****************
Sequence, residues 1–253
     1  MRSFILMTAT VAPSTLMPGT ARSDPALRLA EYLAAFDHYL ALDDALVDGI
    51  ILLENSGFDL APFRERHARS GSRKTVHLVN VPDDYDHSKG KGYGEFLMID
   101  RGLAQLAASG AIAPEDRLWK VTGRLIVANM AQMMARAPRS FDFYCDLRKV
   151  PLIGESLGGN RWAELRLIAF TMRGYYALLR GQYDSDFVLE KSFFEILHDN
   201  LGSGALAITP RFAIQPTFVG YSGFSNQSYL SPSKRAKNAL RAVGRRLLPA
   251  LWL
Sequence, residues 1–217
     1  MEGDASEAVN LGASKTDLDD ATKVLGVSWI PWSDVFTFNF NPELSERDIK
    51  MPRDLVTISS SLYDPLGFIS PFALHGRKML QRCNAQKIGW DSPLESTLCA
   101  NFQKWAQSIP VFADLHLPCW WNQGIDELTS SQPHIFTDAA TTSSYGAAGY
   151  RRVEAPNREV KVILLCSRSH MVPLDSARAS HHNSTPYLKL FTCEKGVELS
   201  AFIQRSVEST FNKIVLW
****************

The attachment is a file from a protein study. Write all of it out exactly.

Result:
Sequence, residues 1–253
     1  MRSFILMTAT VAPSTLMPGT ARSDPALRLA EYLAAFDHYL ALDDALVDGI
    51  ILLENSGFDL APFRERHARS GSRKTVHLVN VPDDYDHSKG KGYGEFLMID
   101  RGLAQLAASG AIAPEDRLWK VTGRLIVANM AQMMARAPRS FDFYCDLRKV
   151  PLIGESLGGN RWAELRLIAF TMRGYYALLR GQYDSDFVLE KSFFEILHDN
   201  LGSGALAITP RFAIQPTFVG YSGFSNQSYL SPSKRAKNAL RAVGRRLLPA
   251  LWL
Sequence, residues 1–217
     1  MEGDASEAVN LGASKTDLDD ATKVLGVSWI PWSDVFTFNF NPELSERDIK
    51  MPRDLVTISS SLYDPLGFIS PFALHGRKML QRCNAQKIGW DSPLESTLCA
   101  NFQKWAQSIP VFADLHLPCW WNQGIDELTS SQPHIFTDAA TTSSYGAAGY
   151  RRVEAPNREV KVILLCSRSH MVPLDSARAS HHNSTPYLKL FTCEKGVELS
   201  AFIQRSVEST FNKIVLW